On Sunday, 160 women set out on the YTriDu5K, sponsored by the YWCA, with one goal in mind — to cross the finish line.
As the course wound through the streets of York, it made its way onto the railroad, eventually ending up at the track at York College. It was there that friends, family and volunteers were waiting to congratulate their champions that had just completed the race.
First, runners were greeted by a voice over the speakers encouraging them to keep pushing through the final leg. Then, as they came around the last turn, the audience was in sight, with signs and smiles to welcome them back. Snacks and waters to refuel their depleted energy reserves were waiting as each participant exited the track. And, finally, a massage station for those who needed a little extra relaxation as they cheered on their fellow racers.
Over the course of three hours and 30 minutes, women ranging from 10 years old to 68 took part in one of three events — a 5K race, a duathlon or a triathlon.
Tara Neff, the event organizer, has been involved with the race since its inception 11 years ago.
"It's a special event because it's for all women of all fitness levels," Neff said. "My favorite part is just to see these women get out and do this."
Neff also helps out by leading Sunday morning group bike rides to prepare women for race day. She said it's great to see the progress that they make from the first time they get out to when they cross the finish line.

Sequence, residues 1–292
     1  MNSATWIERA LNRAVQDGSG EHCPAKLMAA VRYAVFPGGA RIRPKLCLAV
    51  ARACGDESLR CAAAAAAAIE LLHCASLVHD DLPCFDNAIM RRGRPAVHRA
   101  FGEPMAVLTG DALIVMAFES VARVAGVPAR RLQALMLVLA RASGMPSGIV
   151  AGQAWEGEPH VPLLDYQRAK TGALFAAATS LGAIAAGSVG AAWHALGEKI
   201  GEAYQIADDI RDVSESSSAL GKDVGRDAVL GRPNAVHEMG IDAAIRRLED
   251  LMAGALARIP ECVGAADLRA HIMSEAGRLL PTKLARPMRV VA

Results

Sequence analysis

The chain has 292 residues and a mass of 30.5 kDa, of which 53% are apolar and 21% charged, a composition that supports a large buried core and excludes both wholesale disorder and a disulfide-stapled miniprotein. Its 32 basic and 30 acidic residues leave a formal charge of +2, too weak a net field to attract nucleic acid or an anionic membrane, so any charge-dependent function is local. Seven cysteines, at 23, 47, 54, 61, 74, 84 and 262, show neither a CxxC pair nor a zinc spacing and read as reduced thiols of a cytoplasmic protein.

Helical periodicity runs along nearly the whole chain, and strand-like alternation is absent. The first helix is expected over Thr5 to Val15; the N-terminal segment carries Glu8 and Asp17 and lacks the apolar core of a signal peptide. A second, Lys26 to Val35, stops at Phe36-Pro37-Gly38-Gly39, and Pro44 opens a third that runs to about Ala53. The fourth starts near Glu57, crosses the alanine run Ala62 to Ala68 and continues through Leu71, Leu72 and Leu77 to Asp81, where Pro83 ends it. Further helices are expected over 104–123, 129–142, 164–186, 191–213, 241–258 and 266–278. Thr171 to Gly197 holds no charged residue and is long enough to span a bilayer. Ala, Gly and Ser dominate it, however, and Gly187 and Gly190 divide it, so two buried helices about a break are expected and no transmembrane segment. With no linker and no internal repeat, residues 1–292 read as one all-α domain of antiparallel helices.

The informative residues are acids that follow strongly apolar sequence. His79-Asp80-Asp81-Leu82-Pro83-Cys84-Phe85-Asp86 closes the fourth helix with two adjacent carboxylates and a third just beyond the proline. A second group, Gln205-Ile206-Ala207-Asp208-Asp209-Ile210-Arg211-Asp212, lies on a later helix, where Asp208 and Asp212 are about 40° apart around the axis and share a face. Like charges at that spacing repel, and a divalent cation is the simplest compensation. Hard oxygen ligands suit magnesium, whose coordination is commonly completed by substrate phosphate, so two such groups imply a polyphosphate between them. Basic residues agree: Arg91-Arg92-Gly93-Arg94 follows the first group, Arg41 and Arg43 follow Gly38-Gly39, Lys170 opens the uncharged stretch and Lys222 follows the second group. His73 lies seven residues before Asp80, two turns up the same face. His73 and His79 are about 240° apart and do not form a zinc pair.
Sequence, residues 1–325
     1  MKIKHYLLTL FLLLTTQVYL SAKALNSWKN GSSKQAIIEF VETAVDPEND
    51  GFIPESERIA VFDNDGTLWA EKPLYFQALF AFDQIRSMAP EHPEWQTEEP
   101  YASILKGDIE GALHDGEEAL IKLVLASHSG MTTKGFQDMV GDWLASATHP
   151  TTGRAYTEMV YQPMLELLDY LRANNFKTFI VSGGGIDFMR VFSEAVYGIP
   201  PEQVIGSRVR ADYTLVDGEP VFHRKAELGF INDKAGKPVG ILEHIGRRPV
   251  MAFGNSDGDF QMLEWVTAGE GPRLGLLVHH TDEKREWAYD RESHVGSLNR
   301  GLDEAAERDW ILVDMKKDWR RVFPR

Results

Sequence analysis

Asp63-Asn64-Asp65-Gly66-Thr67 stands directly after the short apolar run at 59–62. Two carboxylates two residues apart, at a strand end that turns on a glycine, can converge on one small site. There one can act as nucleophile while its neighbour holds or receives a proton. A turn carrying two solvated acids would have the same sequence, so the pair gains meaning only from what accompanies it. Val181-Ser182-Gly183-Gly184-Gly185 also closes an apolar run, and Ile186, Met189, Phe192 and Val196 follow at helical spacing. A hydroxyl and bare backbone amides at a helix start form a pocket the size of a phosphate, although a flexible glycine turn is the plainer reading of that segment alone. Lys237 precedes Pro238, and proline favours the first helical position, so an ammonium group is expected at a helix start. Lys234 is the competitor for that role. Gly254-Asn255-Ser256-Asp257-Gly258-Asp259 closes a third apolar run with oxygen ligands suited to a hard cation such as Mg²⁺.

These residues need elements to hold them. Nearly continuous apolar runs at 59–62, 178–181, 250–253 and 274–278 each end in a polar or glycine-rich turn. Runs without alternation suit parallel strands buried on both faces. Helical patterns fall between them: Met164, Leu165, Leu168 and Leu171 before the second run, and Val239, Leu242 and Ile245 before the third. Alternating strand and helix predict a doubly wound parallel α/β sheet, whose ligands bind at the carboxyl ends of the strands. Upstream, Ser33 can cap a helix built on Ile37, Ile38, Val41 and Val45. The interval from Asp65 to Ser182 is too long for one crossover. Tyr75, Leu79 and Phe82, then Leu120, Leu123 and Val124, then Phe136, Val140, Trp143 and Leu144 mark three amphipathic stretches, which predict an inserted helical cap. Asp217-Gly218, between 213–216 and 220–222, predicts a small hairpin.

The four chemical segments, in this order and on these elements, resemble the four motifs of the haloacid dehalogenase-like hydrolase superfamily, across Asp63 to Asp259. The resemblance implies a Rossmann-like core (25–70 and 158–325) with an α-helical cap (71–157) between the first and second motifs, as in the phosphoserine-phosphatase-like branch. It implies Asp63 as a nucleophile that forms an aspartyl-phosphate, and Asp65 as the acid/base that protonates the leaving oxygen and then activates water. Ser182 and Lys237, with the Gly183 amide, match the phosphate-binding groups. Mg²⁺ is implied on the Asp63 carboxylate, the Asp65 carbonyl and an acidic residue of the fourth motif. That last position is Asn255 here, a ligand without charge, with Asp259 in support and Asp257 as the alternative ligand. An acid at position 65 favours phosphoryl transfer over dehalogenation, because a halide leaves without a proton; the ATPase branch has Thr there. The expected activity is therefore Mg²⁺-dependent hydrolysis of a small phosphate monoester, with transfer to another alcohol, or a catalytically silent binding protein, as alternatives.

Another woman who has come a long way is Shannon Mulcahy. The York native has been competing in the triathlon for three years now, always with the goal of taking the top spot.
With a time of 1:25:21, Mulcahy did just that. As an avid racer, Mulcahy said she trains on the track and is familiar with much of the course. She also used Sunday as a tune-up for an Iron Man race, which she will be participating in on July 26. But the beauty of Sunday's event was not lost on her.
"It's really, really good for the women of York to have this event," Mulcahy said. "And it's great to see all of these supporters out here not only for the first finishers, but also the last finishers."
While there were a fair share of devoted runners like Mulcahy, there were also participants like Nancy Williams-Smith, who had never trained for a 5K.
Williams-Smith was part of a relay team that completed the triathlon. She said she represented the non-athletic side of the participants.
"If I can do this, anyone else can too," Williams-Smith said with a laugh. "It makes me want to live a healthier life."
She said the best part of the day was simply to see all of the support that was poured out by friends, family, volunteers and even the other women that ran alongside her. Numerous times as she was making her way through the course, other runners who she didn't know would come up beside her and cheer her on.
To her, that's what the entire day was about.
"There was just a lot of positive energy today when there's so much negativity in the world," Williams-Smith said. "I think if everyone had to do a triathlon, the world would be a better place."
Though some crossed the finish line ahead of others, there were no losers. There were only finishers, which made winners out of everyone.
— Reach Garrett Ross at email@example.com